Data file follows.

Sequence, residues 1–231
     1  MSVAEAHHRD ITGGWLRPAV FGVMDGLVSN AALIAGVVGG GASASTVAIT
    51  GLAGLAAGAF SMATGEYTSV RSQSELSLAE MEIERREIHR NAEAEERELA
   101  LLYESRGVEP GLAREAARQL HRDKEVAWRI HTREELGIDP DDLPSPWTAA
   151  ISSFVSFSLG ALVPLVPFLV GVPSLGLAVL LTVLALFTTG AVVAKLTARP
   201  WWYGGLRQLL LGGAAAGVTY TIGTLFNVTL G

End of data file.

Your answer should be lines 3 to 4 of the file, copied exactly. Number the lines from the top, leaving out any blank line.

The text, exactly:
    51  GLAGLAAGAF SMATGEYTSV RSQSELSLAE MEIERREIHR NAEAEERELA
   101  LLYESRGVEP GLAREAARQL HRDKEVAWRI HTREELGIDP DDLPSPWTAA